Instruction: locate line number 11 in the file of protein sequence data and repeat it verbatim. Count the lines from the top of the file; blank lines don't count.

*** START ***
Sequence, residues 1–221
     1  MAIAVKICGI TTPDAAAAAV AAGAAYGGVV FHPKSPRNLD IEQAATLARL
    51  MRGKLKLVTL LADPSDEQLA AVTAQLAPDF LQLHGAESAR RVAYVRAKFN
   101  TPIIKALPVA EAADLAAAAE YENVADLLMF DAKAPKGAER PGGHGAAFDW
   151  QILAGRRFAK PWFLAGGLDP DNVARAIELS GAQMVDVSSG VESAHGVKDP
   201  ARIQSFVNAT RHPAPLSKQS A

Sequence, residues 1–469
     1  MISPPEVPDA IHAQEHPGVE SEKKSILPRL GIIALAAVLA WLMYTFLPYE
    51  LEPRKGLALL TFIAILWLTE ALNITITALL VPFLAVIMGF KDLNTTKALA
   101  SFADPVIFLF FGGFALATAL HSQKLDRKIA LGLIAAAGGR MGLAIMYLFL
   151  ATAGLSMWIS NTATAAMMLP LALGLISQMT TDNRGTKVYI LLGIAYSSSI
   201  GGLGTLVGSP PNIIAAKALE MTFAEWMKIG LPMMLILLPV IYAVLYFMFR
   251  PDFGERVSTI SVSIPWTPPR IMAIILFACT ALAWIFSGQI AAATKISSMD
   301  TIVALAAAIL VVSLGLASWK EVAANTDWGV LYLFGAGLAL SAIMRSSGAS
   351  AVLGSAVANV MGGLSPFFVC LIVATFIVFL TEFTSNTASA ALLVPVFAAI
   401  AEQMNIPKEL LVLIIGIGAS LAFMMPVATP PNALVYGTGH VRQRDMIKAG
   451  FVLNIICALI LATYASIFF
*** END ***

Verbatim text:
   151  ATAGLSMWIS NTATAAMMLP LALGLISQMT TDNRGTKVYI LLGIAYSSSI